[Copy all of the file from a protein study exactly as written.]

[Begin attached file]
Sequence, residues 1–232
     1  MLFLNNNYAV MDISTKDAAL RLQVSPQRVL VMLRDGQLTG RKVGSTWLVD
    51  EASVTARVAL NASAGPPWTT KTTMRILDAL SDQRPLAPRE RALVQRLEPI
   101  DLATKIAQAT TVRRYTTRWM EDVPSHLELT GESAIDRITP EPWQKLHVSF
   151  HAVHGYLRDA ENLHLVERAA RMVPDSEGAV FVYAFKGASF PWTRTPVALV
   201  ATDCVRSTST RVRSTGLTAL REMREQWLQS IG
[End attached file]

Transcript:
Sequence, residues 1–232
     1  MLFLNNNYAV MDISTKDAAL RLQVSPQRVL VMLRDGQLTG RKVGSTWLVD
    51  EASVTARVAL NASAGPPWTT KTTMRILDAL SDQRPLAPRE RALVQRLEPI
   101  DLATKIAQAT TVRRYTTRWM EDVPSHLELT GESAIDRITP EPWQKLHVSF
   151  HAVHGYLRDA ENLHLVERAA RMVPDSEGAV FVYAFKGASF PWTRTPVALV
   201  ATDCVRSTST RVRSTGLTAL REMREQWLQS IG